Drawing the Art out of the Image

three rhinoceros image edited in Photoshop

rhino trio - final

It is always exciting when you round a corner in a game park and come upon a group of animals interacting with each other. This happens all the time with zebra, buffalo, gazelles and such. These guys find safety in numbers. It is far more unusual to encounter a group of rhino. They don’t need numbers for security. In fact they don’t seem to even like being together. On my last trip to Lake Nakuru Park a few weeks ago my students and I happened upon a group of seven rhino. Granted, Nakuru is an awesome place for finding rhino, but in all my years of visiting this park I have never seen more than two or three together. Yet, on this dismal and dreary afternoon game drive we found ourselves sitting beside seven rhino. They were all in close proximity; munching grass side by side. The air was still and gentle rain showers drifted by. In the quietness of that hour the only sound we could hear was the steady tearing sound of massive lips pulling off tender blades of grass, punctuated every once in a while by massive sighs of contentment. It was an awesome experience.

six rhinoceros in the rain

six of the seven rhino

Without even realizing it I had recorded 300 images on my memory card. I would like to be able to say that I had this amazing creative vision in mind as I shot. But I didn’t. In reality I was just savoring the moment – soaking it in. Artistic vision did not enter into my thinking at all. I would like to think that years of studying beautiful imagery and carefully honing my photographic technique came into play, but it must have been on a subconscious level.

As soon as I got home I was anxious to see what I had captured. The images looked dreary. The weather had been dismal and unprocessed RAW files don’t do anything to improve that appearance. None of the magic I had experienced was there.

rhino trio - unedited RAW file

rhino trio - unedited RAW file

As I began to process the images in Lightroom some of that magic was restored. I converted to grayscale, bumped up the black point, then added contrast and clarity. A tighter crop emphasized the proximity of these huge animals, the square format clarifying the pattern of the eyes, lips, horns and nostrils. I was happy with some images and I made a print that I liked, but something was still missing.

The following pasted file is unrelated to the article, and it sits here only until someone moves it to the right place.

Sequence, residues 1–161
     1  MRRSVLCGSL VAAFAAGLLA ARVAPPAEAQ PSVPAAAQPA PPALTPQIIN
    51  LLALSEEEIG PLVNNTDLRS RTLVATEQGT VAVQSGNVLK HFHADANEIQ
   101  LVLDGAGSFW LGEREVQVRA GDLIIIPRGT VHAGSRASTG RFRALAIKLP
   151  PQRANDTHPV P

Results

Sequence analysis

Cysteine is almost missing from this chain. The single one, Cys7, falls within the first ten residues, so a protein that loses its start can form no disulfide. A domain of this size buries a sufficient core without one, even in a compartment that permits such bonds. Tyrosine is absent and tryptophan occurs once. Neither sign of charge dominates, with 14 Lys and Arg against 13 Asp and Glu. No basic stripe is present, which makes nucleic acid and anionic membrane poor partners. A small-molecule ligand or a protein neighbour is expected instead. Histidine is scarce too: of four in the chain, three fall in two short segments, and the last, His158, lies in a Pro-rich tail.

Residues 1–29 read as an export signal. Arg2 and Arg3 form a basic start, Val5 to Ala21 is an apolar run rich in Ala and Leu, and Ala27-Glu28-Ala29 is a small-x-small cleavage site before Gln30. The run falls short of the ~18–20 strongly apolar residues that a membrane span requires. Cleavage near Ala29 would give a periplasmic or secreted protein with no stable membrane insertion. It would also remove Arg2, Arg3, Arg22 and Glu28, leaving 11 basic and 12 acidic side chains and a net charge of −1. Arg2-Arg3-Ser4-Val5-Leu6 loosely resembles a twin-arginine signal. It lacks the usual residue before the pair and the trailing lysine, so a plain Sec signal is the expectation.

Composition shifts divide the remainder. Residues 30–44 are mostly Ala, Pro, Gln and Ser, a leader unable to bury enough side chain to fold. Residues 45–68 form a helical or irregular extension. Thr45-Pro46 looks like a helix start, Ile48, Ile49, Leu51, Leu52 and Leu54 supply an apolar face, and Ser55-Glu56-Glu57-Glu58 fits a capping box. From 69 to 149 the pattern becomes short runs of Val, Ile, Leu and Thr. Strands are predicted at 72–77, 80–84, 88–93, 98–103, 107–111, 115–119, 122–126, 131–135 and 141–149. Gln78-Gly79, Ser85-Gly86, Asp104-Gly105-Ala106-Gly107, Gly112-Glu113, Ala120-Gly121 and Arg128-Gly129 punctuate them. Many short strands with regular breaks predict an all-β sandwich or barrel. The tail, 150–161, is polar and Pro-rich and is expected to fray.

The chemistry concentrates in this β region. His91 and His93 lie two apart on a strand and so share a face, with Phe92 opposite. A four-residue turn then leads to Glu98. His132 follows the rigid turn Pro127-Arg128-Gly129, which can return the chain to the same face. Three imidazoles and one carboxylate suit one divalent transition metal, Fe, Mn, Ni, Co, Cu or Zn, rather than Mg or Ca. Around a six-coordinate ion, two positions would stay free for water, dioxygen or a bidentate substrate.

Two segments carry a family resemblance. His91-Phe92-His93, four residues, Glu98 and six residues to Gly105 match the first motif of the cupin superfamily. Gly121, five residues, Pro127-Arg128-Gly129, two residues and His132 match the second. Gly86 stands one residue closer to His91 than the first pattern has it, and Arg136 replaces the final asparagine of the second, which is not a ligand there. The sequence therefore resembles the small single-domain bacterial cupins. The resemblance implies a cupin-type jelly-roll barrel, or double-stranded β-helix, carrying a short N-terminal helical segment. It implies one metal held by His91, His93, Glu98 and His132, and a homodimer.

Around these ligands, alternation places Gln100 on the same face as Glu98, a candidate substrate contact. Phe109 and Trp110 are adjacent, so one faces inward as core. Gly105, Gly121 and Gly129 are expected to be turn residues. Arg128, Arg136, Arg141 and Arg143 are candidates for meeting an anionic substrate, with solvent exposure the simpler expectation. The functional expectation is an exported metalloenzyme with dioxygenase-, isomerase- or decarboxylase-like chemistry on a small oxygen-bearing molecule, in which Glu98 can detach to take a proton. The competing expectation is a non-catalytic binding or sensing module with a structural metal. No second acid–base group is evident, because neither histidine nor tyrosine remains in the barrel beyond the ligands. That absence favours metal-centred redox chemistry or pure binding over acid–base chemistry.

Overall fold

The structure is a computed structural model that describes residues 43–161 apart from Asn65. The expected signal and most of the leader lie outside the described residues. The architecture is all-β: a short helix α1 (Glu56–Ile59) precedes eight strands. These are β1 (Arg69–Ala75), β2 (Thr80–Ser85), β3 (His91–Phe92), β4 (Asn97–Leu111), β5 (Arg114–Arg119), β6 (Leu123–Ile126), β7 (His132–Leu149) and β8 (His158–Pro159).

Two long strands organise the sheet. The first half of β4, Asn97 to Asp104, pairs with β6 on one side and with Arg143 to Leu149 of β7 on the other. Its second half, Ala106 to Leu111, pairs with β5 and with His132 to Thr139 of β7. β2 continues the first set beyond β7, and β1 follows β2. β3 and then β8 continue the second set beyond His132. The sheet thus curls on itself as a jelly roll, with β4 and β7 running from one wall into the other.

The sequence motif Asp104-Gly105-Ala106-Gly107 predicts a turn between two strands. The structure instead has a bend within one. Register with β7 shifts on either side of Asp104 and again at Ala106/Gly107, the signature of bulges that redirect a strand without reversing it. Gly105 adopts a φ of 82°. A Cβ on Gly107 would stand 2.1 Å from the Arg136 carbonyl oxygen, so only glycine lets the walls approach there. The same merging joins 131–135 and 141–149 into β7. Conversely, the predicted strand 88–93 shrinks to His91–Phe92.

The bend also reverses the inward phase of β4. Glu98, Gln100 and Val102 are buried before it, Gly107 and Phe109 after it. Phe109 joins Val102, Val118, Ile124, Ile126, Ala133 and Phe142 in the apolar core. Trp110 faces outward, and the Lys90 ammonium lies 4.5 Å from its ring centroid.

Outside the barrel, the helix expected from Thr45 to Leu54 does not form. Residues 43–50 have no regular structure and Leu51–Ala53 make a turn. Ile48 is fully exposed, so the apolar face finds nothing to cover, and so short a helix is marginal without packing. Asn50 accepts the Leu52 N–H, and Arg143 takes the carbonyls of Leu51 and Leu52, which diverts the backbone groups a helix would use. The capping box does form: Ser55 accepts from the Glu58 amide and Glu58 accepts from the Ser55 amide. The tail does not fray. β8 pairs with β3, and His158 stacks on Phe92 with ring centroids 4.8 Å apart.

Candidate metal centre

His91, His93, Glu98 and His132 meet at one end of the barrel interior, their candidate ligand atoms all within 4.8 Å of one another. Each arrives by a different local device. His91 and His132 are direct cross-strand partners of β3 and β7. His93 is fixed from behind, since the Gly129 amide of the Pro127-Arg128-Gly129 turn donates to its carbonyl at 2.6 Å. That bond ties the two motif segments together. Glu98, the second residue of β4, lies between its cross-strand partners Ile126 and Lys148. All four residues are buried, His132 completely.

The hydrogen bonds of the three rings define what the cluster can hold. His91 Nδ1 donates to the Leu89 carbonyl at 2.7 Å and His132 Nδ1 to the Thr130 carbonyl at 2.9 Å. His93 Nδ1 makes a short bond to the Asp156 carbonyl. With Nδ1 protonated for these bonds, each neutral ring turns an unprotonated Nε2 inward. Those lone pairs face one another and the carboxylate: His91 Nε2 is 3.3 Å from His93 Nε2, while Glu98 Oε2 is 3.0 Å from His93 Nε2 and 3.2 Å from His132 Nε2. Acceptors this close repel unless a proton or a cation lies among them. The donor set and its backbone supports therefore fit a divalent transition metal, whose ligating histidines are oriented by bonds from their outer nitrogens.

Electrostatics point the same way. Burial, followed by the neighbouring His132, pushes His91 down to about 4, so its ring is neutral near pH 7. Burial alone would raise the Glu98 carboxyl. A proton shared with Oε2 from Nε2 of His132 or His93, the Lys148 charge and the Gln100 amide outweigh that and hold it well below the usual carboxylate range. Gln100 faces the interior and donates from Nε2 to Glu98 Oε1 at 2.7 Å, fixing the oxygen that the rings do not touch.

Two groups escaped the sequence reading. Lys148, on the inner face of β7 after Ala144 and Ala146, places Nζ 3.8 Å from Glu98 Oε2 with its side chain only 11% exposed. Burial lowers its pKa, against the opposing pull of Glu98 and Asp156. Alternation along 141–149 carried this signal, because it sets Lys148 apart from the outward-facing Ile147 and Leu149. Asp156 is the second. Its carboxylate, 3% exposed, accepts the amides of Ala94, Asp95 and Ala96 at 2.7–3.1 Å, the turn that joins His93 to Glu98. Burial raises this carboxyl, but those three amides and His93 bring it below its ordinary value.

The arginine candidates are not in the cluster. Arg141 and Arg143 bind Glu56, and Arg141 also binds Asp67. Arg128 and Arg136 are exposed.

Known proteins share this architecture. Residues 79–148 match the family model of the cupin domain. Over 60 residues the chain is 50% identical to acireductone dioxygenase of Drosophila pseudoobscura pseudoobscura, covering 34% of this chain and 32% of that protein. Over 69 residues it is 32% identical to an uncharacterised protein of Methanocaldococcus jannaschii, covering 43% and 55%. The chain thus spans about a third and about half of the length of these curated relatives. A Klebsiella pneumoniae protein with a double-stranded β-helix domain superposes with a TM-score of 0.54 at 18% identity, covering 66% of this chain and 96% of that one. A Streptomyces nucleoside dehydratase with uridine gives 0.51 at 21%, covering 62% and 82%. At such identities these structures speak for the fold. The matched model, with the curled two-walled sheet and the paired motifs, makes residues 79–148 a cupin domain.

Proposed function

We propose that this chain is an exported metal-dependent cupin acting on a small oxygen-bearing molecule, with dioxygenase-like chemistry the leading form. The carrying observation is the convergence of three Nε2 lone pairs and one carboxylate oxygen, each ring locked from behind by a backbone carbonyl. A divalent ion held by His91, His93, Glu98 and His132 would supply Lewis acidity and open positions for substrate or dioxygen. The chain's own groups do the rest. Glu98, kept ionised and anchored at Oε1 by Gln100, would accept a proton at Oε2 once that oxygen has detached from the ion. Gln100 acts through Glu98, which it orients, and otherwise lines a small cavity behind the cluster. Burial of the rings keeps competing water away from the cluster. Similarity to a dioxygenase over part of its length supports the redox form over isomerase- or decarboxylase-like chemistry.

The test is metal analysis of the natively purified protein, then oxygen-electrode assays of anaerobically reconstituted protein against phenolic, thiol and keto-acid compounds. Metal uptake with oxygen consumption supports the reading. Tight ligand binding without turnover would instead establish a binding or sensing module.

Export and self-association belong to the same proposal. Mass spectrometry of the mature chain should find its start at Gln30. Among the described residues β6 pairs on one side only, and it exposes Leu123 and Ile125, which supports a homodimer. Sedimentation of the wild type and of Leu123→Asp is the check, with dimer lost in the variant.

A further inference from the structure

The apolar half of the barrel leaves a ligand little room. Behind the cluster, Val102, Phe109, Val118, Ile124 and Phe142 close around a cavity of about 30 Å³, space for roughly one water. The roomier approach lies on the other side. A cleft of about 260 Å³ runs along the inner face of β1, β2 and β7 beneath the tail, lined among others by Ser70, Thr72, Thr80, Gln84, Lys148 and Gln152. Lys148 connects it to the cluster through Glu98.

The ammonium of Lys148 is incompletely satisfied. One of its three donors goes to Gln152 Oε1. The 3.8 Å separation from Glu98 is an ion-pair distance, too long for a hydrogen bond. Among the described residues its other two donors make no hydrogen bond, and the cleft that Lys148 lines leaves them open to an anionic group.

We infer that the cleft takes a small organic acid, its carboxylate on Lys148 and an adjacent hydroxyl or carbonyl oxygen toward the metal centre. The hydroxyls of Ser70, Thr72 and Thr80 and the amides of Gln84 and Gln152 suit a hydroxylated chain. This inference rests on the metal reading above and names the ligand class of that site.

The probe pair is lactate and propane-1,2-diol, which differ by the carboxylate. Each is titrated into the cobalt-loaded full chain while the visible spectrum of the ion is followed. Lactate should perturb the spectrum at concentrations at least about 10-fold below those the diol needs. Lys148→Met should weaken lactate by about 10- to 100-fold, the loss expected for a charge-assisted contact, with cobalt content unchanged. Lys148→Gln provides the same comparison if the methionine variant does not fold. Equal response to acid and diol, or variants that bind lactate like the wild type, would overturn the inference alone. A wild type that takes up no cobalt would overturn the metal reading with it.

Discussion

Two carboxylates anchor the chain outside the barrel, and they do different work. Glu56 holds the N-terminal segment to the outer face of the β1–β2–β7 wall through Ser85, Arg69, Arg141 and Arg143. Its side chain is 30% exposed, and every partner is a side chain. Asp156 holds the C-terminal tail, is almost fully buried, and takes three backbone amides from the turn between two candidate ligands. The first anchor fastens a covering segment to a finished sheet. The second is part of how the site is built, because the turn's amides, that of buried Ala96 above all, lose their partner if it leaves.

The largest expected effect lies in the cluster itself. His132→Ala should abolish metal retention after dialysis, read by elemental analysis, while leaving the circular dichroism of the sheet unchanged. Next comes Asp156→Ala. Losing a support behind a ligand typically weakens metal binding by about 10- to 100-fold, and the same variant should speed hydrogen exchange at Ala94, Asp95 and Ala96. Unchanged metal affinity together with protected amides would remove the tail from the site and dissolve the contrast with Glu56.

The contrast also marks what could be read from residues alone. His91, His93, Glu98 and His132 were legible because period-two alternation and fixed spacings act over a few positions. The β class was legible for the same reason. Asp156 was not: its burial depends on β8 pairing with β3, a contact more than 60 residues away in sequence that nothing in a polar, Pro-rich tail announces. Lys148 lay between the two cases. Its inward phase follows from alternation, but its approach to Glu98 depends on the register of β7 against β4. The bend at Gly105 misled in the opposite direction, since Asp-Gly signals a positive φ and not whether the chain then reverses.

three rhinoceros with Lightroom edits

rhino trio - Lightroom edits

As I was preparing images for my first gallery for this website I decided to take another shot at drawing the magic out of the pixels. I took the processed grayscale image out of Lightroom and opened it in photoshop. I decided to try a technique that I had learned years ago for enhancing landscapes. I duplicated the background layer and blurred it considerably using the gaussian blur filter. Changing the layer blend mode to multiply  transformed the image into a dreamy mush. Double clicking the blurred layer accesses the blend if sliders. Moving the top white slider to the left removes the blur from the highlights, but the transition is harsh. Holding alt while moving the slider splits the slider and allows for a more gentle transition leaving only silky deep blacks showing through. I brought the punch back to the mid-tones and highlights with a curves adjustment layer.

I now had an image that I felt did justice to the experience I had that dreary afternoon. Is it art? For sure it is more than just a photograph. Ansel Adams said that the negative (read RAW file) is the score and the print is the performance. I am pleased with this performance. What do you think?

About Mike

An Adobe Certified Expert in Photoshop who loves to see what can be drawn out of a RAW file.
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